An analysis by Perdyan et al. points out that in Poland, cancer patients often look for alternative therapies not supported by scientific evidence. The wide range of services offered by institutions dealing with alternative therapies indicates the great interest of patients. The market of proposed alternative methods has significantly developed over the last ten years, which can be deduced corroborated from the rising prices of the services offered. Polish cancer patients are willing to spend more and more on alternative methods, which significantly drives up the price of the CAM market without state regulation.

The survey conducted by Puskulluoglu et al. on a group of 310 cancer patients in Poland confirms that a significant proportion of cancer patients use alternative methods during cancer treatment [6]. The authors showed that almost a quar­ter (24.1%) of patients admitted using CAM during active oncological treatment. The study showed that the risk factors for CAM use include: female gender, higher education, and radical oncological treatment. Patients most often decide to use alternative methods to strengthen their immune systems (46.1%), improve well-being, and counteract the adverse effects of cancer and its treatment (40.8%). Importantly, cancer patients were satisfied with the use of alternative methods (Likert’s 3.5/5). Dietary supplements (40.8%), prayer (31.6%), and herbal medicine (26.3%) are the methods that patients chose most willingly. According to the authors, almost half of the patients (46.6%) did not admit using alternative methods to their doctors (tab. I).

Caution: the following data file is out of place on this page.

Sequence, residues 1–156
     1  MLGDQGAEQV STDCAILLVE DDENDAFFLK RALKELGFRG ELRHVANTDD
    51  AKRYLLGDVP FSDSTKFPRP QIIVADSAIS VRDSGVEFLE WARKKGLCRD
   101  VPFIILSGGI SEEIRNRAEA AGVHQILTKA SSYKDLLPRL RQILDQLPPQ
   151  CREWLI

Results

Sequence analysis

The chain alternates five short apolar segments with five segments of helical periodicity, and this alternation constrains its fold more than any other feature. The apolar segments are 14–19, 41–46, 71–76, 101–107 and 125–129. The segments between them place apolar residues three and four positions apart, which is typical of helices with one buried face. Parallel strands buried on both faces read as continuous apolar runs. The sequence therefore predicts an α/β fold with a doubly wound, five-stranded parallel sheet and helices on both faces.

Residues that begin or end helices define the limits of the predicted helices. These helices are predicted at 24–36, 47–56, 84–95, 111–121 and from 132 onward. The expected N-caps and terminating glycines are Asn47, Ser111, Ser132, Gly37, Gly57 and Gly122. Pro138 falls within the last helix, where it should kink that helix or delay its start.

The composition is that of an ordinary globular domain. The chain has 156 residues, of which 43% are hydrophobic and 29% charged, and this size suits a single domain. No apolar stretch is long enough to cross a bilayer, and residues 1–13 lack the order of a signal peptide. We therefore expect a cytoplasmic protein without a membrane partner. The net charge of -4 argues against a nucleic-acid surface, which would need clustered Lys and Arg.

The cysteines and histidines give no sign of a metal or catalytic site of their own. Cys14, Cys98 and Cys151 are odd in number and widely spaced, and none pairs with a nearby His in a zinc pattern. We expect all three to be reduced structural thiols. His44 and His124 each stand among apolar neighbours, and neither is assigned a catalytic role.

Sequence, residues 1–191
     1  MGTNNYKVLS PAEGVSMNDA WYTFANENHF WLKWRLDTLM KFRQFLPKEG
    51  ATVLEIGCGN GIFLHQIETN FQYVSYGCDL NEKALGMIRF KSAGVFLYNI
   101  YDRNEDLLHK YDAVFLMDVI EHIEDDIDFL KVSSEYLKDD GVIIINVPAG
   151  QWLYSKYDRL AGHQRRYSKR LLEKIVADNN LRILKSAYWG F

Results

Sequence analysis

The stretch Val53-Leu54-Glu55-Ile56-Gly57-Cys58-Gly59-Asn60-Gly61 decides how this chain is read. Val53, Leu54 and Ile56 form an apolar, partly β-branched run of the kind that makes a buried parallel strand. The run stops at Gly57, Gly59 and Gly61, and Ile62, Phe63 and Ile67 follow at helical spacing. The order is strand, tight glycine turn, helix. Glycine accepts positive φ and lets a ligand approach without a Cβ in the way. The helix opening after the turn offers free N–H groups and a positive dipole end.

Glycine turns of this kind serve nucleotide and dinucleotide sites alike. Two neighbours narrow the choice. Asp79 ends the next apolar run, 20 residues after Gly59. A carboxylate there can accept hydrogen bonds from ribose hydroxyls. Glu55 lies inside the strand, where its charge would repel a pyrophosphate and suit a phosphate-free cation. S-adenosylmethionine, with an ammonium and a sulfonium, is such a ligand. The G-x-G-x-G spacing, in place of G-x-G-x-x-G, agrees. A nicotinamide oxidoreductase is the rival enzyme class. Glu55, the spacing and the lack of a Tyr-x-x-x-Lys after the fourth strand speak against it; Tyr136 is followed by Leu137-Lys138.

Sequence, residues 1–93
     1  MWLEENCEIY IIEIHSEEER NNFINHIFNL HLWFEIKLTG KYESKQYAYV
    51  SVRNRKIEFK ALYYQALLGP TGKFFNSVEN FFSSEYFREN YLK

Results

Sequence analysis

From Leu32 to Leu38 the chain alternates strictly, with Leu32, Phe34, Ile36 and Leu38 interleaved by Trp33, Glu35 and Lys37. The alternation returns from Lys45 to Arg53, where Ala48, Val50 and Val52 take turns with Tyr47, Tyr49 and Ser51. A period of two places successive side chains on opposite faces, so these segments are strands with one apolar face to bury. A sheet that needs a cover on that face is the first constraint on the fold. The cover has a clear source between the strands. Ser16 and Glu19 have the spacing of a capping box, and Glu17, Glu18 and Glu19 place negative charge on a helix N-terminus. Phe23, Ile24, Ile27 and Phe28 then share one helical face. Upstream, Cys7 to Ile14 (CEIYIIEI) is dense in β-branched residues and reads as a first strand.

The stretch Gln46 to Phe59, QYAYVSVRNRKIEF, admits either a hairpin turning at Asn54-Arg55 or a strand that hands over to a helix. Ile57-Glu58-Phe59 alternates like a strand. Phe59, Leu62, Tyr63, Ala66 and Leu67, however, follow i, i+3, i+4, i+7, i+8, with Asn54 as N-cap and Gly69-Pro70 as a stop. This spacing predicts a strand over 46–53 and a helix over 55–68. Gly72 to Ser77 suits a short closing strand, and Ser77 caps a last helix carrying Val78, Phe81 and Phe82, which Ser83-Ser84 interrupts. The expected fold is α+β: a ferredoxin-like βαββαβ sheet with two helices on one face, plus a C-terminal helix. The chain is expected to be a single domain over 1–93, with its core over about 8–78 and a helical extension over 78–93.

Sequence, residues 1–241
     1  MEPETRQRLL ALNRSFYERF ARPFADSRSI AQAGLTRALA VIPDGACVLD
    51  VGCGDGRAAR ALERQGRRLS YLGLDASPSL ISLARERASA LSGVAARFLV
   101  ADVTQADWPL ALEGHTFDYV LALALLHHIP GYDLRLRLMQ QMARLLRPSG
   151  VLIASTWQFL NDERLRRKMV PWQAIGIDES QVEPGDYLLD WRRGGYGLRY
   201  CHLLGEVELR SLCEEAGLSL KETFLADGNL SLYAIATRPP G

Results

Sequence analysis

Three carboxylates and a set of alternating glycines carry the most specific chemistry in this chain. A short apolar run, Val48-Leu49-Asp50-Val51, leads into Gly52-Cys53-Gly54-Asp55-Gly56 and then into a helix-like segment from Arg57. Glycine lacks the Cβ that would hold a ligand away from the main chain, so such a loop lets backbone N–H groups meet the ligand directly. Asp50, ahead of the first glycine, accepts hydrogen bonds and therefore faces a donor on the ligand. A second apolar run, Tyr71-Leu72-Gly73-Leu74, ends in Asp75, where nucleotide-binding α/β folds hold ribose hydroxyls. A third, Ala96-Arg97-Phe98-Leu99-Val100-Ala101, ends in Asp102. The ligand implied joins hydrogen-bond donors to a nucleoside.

Table I. Most commonly used CAM methods by cancer patients

Most commonly used CAM methods by cancer patients

Perdyan et al. (n = 91)

Puskulluoglu et al. (n = 155)

vitamin C intravenous infusion

n = 47


dietary supplements

n = 31



n = 44



n = 24


vitamin intravenous infusion (other than vitamin C)

n = 42


herbal medicine

n = 20